In 2015, ¾’s of the surviving members of the Grateful Dead – rhythm guitarist Bob Weir and drummers Bill Kreutzman and Mickey Hart – formed Dead & Company, the latest in a line of outfits formed in the aftermath of Jerry Garcia’s death in 1995 mean to carry on the spirit and legacy of the band. The band was met with trepidation and derision when it was announced that John Mayer, a top 40 pop star with a history of controversy that overshadowed his considerable talents, would be taking the lead guitar role. Even with jam band veterans Oteil Burbridge on bass and Jeff Chiamenti on keyboards, there was much concern about this lineup’s abilities and appeal.

Seven years later, Dead & Company has been the most successful post-Jerry incarnation of the band, both musically and financially. Mayer’s broad appeal has won them over a whole new generation of fans, and older fans have accepted this lineup into the ever growing Dead family. As a celebration leading up to the outfit’s final tour next summer, I’ve compiled what I consider to be the 10 definitive shows of the band’s career thus far. I based this all on the quality of the playing, historical significance, set list, and the level of exploration present in the band’s jamming.

10. Red Rocks Amphitheatre, Morrison, CO. 10/19/21

This was a significant show, as it was Dead & Company’s first full show without original drummer Billy Kreutzman, who wound up missing a significant chunk of shows for the remainder of the year and much of the 2022 leg. Filling in for Billy was Jay Lane, drummer for Weir’s Dead adjacent projects such as Ratdog, Wolf Bros, and Furthur. The show opens with “Not Fade Away,” the Buddy Holly classic that the Dead turned into one of their most beloved jam vehicles throughout their career. In the context of Kreutzman’s absence, it’s a stunning statement to the band’s endurance and legacy, and its chorus – “You know our love will not fade away” – sounds like the world’s most badass ‘Get Well Soon’ card. 

The entire performance is top shelf Dead & Company, with Lane’s relative youthfulness adding some pep and punch to a band often derided as ‘Dead & Slow.” But it’s John Mayer and keyboardist Jeff Chiamenti’s ever blossoming musical bromance that takes center stage on the evening’s most sublime moments, particularly a splendiforous “Eyes of the World” that moves like a magic carpet to the stars.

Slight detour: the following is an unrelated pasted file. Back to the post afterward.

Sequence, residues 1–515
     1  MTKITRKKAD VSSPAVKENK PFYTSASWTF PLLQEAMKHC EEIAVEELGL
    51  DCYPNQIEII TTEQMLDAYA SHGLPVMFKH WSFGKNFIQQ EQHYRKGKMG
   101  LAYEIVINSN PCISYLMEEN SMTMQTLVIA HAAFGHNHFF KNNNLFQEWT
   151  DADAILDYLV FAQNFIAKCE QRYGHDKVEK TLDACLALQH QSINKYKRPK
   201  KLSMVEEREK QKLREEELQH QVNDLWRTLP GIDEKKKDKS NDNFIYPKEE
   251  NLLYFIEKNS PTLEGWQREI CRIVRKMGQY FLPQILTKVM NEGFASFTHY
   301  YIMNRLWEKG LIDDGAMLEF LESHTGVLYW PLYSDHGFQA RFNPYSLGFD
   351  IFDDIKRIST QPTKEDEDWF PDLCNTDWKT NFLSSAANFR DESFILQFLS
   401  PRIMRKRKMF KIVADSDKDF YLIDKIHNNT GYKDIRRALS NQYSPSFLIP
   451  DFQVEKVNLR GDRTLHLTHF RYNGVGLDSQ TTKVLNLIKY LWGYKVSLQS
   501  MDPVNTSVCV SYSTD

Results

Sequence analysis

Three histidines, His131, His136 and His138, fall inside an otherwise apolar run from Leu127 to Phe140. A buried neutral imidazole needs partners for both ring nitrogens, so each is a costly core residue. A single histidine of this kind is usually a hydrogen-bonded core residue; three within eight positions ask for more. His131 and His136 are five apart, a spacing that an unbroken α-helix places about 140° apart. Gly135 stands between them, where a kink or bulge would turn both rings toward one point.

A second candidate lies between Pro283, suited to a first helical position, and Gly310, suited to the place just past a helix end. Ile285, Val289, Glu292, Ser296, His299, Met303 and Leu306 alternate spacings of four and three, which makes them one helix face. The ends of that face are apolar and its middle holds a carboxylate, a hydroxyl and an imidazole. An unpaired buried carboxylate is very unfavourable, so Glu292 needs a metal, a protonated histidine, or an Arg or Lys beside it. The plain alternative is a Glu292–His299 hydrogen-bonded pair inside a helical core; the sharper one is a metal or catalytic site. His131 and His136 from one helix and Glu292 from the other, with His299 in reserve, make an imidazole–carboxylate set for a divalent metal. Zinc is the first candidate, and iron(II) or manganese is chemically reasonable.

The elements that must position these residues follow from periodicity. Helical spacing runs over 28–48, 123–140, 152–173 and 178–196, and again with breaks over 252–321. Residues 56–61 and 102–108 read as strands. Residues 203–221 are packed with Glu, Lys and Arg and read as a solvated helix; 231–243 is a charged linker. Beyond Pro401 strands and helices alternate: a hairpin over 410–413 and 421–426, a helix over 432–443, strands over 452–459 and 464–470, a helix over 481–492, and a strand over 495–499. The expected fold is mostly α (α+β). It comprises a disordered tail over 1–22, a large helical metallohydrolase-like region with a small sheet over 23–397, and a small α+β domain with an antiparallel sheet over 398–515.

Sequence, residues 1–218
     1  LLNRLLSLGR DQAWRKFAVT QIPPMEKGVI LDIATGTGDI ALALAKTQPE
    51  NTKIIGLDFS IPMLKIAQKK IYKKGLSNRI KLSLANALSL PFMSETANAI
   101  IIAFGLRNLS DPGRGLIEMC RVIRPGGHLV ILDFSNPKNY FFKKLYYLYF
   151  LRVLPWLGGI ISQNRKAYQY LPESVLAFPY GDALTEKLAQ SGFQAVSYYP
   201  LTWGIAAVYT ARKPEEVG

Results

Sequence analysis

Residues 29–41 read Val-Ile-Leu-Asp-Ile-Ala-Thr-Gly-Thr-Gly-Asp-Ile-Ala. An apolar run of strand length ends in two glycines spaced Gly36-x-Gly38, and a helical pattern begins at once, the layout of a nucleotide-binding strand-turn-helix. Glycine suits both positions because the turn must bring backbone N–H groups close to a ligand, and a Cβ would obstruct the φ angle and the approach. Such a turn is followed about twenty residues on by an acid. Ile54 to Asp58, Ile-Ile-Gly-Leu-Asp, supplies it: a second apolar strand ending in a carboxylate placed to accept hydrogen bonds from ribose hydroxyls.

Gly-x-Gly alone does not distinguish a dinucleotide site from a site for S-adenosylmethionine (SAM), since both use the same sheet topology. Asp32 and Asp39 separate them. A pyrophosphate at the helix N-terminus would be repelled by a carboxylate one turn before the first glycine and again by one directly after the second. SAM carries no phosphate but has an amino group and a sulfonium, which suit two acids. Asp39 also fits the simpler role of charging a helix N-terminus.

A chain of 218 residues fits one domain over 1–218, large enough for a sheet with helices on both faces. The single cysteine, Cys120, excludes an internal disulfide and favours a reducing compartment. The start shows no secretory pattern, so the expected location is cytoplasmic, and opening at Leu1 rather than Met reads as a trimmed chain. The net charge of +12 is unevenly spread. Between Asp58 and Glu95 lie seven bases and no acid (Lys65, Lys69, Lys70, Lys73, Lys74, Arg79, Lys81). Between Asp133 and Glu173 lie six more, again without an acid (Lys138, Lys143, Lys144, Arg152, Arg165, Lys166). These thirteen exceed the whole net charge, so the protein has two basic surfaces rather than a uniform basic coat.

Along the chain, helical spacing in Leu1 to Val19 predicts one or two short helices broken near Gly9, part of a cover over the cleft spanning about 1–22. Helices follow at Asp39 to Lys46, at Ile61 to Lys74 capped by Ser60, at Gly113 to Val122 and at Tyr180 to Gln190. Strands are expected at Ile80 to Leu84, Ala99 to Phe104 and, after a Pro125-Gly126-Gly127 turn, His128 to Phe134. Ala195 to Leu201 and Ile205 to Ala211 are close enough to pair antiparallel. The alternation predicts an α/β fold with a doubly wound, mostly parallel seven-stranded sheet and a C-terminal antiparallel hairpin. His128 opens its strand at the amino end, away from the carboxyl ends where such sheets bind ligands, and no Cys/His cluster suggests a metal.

9. Wrigley Field, Chicago, IL. 6/24/22

The original Grateful Dead rarely took political stances as explicitly as Bob Weir has in recent years. While the drug-fueled, ‘free love’ attitude more than hinted at a liberal philosophy, many conservatives and libertarians latched onto the ‘personal freedom’ motifs present in some of their work. Weir no longer embraces this neutrality, making his views on various ‘culture war’ issues such as LGTBQ rights and gun control loudly known at Dead shows, often in the wake of a specific incident or tragedy associated with these topics. 

The band’s first of two nights at the legendary Wrigley Field came in the wake of the Supreme Court’s unprecedented decision to overturn Roe v. Wade, which protected a woman’s right to choose for over 50 years. The band constructed a set list that was thematic in nature, opening with “Man Smart, Woman Smarter” into “Eyes of the World.” A song celebrating the intelligence and authority of women into a song that champions self-actualization and personal freedom? That should be more than enough of a statement. The band doesn’t stop there, beginning the second set with “Throwing Stones,” their most politically explicit political song that condemns poverty, corporate greed, and the exploitation of the most powerless among us. Weir even changes the words to condemn the Supreme Court explicitly.